Tornado watches, tornado warnings and oops my camera is set wrong :(
We had a terrific storm blow through our part of the world yesterday evening.
By 5:00 p.m. Environment Canada was issuing tornado watches and then a while later, tornado warnings. I wasted no time in grabbing my gear and heading out of town to see if I could get on the outside of the approaching storm and get a few interesting shots. I had driven about twenty minutes until I was on higher terrain overlooking the city. As I listened to the radio and watched the occasional lightning strike in the distance, I decided to try and capture one of the strikes so I set the camera on the tripod, changed my usual camera settings to what I thought would be good for lightning and waited.
Nothing happened but the storm was getting closer and moving westward, away from where I was. I hopped in the Rav and went down the road until I saw an interesting formation. The clouds were moving quickly so I snapped a few frames and headed westerly. That is where I saw what looked like the bow of a boat cutting through the sky. It was incredible with different layers going higher and higher. As I snapped the wind increased and the occasional drop of rain hit me. I continued following and shooting what looked like a supercell really happy with what I was seeing.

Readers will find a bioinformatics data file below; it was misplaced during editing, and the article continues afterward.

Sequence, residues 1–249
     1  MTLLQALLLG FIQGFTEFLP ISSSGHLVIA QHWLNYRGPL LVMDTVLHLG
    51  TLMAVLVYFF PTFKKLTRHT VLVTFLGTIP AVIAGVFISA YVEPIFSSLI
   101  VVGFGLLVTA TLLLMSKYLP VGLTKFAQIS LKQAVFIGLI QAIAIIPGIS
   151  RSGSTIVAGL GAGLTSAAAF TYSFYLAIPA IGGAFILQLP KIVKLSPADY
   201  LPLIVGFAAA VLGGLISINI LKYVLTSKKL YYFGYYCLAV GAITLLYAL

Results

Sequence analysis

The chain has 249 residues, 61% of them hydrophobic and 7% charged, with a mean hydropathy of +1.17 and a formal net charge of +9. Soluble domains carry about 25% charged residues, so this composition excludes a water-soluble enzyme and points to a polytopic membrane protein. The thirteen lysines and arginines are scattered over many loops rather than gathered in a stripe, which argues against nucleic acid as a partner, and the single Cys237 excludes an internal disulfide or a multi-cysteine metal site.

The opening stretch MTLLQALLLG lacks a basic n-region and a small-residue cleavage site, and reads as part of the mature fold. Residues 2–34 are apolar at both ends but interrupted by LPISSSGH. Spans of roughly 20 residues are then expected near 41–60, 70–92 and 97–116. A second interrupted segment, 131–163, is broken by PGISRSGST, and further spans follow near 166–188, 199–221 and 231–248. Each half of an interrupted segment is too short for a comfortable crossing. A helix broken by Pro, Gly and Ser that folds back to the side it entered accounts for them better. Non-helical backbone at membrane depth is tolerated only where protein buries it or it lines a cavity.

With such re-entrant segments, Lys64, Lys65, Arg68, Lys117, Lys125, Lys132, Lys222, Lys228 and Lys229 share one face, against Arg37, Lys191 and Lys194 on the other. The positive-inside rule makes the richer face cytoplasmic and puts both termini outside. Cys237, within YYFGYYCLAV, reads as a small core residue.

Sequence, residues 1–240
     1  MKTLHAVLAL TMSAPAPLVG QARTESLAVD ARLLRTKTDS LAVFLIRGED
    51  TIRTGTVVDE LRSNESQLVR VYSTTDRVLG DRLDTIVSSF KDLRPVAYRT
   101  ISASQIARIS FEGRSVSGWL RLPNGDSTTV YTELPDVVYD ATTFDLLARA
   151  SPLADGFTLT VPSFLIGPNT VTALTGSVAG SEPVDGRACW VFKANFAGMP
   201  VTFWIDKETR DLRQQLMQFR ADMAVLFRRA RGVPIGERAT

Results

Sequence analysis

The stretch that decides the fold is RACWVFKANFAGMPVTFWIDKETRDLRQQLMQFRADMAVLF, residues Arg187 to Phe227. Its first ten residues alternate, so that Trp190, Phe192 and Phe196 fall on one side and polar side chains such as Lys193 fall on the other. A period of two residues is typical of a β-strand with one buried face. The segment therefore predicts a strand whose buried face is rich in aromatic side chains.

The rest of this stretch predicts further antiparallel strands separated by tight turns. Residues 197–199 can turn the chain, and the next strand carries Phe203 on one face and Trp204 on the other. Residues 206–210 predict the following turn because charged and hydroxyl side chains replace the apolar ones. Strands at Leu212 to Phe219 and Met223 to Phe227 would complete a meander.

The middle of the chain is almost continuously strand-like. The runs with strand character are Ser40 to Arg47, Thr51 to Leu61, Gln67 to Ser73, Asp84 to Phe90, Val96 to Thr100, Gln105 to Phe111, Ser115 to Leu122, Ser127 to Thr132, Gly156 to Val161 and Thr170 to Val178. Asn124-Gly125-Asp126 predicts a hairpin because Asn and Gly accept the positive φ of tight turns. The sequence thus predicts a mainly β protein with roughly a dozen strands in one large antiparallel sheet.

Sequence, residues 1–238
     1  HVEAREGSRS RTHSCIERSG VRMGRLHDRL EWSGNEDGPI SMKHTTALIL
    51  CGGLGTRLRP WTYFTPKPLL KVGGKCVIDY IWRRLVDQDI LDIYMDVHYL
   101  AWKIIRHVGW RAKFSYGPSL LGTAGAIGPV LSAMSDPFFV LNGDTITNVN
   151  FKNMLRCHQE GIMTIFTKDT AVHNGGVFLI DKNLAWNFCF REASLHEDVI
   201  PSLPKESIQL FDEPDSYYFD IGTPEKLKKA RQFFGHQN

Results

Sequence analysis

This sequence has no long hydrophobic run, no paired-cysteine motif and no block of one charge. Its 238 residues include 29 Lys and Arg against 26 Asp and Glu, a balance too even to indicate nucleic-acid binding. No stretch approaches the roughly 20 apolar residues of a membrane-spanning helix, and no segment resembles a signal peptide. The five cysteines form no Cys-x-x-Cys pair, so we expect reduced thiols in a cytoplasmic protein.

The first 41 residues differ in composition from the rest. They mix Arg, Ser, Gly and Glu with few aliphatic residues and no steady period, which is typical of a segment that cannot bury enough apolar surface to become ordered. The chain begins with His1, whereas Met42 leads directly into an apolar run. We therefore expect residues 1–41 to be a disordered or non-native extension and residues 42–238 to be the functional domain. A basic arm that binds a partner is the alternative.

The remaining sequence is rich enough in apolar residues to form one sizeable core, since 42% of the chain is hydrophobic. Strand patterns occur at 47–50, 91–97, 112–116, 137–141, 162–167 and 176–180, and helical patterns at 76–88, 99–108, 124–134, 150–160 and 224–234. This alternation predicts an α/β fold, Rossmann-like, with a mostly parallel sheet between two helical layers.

The storm was now leaving me behind and I got back into the Rav and drove northwest. It seemed to be going faster than I was as I could start to see clearing skies behind it. Stop again and more shooting. Then it happened. I looked at my camera settings and realized that instead of shooting my bracketed exposures, my camera was set for a single exposure. Arrrrgh!
I changed the camera back to how I normally shoot and realized that I now had four duplicates of the exact same shot since I had tried the lightning shots. How would they turn out I wondered as I continued to follow the clouds until the sun had almost set?
I got home and looked at the early frames. There were some tremendous looking clouds but the ground beneath was black or severely underexposed. I tried processing them and none of them looked good. Sheesh! It goes that way sometimes. I haven’t had that happen to me in a very long time.
The shot at the top is a bracketed photograph. None of the individual frames had all of the information that I wanted. The difference from highlight to shadow is in the extreme. The lighting that you see is natural. There is no burning or dodging to lighten or darken the sky. That’s pretty much how it appeared to me as I stood at the side of the road.
I’ll spend some time later this week trying to see what I can salvage from the early shots but I’m not hopeful that any of them will ever see the light of day.
Some days things just don’t work out the way you’d like them to.